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Thread: How to select registration

  1. #1
    Lieutenant, Associate Concertmaster AllanP's Avatar
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    How to select registration

    One of the least documented topics in organ playing is the subject of registration. The question is "How to select registration?"

    Some issues are
    1. When to use a diapason chorus?
    2. When to use a single diapason as a solo stop?
    3. Do you ever use a flute chorus? Are all stopped flutes used together, are all open flutes used together, or use a mixture of stopped and open flutes?
    4. Are flutes added to diapasons, at all pitches or just a few pitches.
    5. When are 8' stops combined? (My first teacher said never)
    6. When using trumpets, what added stops are used? For example 8' stops to make the trumpet more like a Tuba, 4' stops with 8' trumpet, and/or higher pitches such as mutations and mixtures.
    7. When are 16' manual stops appropriate?

    There is very little literature on the subject of registration selection. It is generally left to the student to learn from the teacher by a process akin to osmosis following the teacher's selection. I am learning a piece written by Richard Purvis, my teacher who studied with Mr. Purvis told me "this is how he played the piece", thus registration is handed down by word of mouth.

    Are there general rules that give guidance?

  2. #2
    Seaman, Mezzoforte
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    Hi there. I'm not very experienced with organs having only played less than a year, and this is my first post in this forum, but here's what I've found out so far.

    The one registration rule of thumb I have learned so far is that you always start with a 8' stop and never use combinations that lack a 8'stop. Other than that I go by ear. I usually add atleast one 4' or 2' stop before adding a mixture or a diapason. Diapasons go great with reeds, making them less wood-wind and more brass-instrument, or if you want to create a reed-like sound without reeds (which I must do in one of the two organs I have access to, as the reeds are severely out of tune). I've never heard that you shouldn't combine 8' stops, I do it all the time, but if you want a softer dynamic it's good advice. And often some 8' stops aren't heard when combined with other 8' stops anyway. I wish I had more 16' manual stops, there's only one at one of my two organs. I think it works best in combination with reeds and/or mixture in louder dynamics.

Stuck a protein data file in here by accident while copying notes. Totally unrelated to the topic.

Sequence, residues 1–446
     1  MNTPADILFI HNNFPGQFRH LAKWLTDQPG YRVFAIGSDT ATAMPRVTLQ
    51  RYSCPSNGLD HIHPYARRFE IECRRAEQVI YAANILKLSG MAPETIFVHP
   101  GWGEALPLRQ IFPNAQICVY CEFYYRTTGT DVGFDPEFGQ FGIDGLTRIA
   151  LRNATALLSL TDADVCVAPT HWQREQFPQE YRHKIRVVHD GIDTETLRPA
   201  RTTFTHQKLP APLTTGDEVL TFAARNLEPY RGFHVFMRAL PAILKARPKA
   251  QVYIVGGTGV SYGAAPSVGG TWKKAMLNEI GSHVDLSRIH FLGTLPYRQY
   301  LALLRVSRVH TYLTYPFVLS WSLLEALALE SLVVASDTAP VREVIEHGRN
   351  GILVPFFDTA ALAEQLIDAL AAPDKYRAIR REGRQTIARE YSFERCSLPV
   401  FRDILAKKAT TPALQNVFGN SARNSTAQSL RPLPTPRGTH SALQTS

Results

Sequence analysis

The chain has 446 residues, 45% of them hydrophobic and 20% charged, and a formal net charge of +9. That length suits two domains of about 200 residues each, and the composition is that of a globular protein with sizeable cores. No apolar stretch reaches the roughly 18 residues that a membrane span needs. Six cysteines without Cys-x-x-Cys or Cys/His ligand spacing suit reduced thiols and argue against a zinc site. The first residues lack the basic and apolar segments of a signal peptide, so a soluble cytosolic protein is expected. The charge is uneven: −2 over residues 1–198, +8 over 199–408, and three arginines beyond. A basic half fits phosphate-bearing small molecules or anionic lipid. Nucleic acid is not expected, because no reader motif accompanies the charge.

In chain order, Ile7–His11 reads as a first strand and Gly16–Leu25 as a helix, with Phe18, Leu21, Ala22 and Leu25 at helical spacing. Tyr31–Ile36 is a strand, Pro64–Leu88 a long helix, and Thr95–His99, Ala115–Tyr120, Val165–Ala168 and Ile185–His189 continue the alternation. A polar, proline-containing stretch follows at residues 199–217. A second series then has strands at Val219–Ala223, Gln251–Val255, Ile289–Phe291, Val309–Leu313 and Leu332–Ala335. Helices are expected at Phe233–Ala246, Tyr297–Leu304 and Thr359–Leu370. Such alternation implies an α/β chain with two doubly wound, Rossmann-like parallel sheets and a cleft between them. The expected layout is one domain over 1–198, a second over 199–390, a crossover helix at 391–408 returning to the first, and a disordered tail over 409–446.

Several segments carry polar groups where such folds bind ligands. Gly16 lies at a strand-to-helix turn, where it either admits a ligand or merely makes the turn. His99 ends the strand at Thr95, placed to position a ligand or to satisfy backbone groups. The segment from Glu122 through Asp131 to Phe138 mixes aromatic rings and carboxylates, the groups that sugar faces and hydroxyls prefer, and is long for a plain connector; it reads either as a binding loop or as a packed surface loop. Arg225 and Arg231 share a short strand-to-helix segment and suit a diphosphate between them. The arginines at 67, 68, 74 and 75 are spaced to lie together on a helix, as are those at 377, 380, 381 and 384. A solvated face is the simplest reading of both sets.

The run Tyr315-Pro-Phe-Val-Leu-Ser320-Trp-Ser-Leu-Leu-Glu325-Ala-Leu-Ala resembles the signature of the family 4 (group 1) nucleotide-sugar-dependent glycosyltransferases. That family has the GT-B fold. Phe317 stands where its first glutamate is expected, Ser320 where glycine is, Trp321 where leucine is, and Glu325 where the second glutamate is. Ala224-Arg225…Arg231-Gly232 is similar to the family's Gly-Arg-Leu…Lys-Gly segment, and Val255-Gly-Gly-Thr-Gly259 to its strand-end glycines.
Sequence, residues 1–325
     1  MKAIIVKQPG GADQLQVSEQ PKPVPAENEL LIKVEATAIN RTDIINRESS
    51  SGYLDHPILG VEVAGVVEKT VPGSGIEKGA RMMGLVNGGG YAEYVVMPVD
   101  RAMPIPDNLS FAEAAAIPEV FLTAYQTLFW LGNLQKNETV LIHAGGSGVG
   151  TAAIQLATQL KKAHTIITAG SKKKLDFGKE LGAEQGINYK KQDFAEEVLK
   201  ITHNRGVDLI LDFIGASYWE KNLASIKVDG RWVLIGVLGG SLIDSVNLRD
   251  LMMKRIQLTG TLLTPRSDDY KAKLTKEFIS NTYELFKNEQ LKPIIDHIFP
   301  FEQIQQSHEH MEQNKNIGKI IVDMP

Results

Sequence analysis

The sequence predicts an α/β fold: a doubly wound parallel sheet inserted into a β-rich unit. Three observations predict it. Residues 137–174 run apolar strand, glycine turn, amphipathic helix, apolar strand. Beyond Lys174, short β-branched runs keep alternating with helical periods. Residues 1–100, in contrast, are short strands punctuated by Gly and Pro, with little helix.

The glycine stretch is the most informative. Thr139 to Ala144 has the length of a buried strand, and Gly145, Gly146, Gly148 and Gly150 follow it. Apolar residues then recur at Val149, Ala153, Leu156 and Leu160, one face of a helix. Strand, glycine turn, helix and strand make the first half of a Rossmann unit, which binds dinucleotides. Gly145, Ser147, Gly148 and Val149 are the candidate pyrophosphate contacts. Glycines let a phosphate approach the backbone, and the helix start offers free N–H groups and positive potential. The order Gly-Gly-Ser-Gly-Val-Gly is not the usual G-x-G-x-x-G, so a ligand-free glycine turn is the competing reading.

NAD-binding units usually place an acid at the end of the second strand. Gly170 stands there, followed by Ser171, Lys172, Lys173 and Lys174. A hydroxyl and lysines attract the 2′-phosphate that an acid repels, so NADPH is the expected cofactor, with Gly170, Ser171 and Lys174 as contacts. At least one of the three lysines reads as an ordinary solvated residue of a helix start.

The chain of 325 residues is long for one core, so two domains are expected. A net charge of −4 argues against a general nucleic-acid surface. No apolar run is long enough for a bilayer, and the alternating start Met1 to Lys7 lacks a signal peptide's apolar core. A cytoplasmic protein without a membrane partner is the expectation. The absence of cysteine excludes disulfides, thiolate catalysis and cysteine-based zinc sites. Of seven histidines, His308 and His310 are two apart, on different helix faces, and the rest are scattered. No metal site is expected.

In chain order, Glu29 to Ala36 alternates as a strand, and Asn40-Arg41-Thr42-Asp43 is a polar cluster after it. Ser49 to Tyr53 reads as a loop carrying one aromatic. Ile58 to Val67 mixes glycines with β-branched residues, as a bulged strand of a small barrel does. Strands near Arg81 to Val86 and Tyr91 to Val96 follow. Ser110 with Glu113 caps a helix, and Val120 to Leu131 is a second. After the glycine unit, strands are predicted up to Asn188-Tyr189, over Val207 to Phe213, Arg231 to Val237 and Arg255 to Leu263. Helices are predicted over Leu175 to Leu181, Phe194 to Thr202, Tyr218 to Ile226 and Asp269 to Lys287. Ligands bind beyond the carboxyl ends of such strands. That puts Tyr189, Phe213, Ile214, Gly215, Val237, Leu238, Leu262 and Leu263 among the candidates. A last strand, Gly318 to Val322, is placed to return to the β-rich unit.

I would think that the difference between instruments is too great to allow a detailed set of rules. You simply have to try out which combination that works. It will be interesting what other more experienced organists has to say about this. :-)

  3. #3
    Commodore con Forza
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    Quote Originally Posted by AllanP View Post
    5. When are 8' stops combined? (My first teacher said never)

    Ah, yes: the famous Äqualverbot. Well, first of all there is the romantic literature, where many composers (especially the French) explicitly ask for 8' stops (even all 8' stops) to be combined.

    But even in the baroque repertoire, I have my doubts about what, say, Bach really did (will we ever know?) vs. what the neobaroque dogma of the 1960s dictates. For example, doesn't one often think that "romantic organs have many 8' stops whereas baroque organs only have a few"? Well, if you look at the specifications of, say, Altenburg (Trost 1739), Naumburg (Hildebrandt 1746), or Ottobeuren (Riepp 1766), with three, four, or even five 8' stops on some manuals, it makes me think again (BTW, J.S.Bach knew, and much appreciated, the first two of these instruments). Heck, even most Cavaillé-Coll's don't have five 8' stops in a single manual!

    So I'm very sceptical about the idea that you never combine 8' stops.

  4. #4
    Admiral Honkenwheezenpooferspieler Corno Dolce's Avatar
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    Ach Du Liebe - All that Neo-Baroque and Orgelbewegung Dogma - GAAAAAAAH!!!!!!!

    This period of organ history is the saddest - so many beautiful Skinners, Aeolians, Hook and Hastings, Jardines etc. etc. etc. have gone to waste because of the crooks in the orgelbewegung and neo-baroque movement.

    Let history abort, terminate and forget that most shameful movement.
    *If a man wants God to hear his prayer quickly, then before he prays for anything else, even his own soul, when he stands and stretches out his hands towards God, he must pray with all his heart for his enemies. Through this action God will hear everything that he asks* -Abba Zeno-

    *Protagoras: "Truth is subjective. What is true for you, and what is true for me, is true for me. Your opinion is true by virtue of its being your opinion."

    *Socrates: "My opinion is: Truth is absolute, not opinion, and that you are in absolute error. Since this is my opinion, then according to your philosophy you must grant that it is true."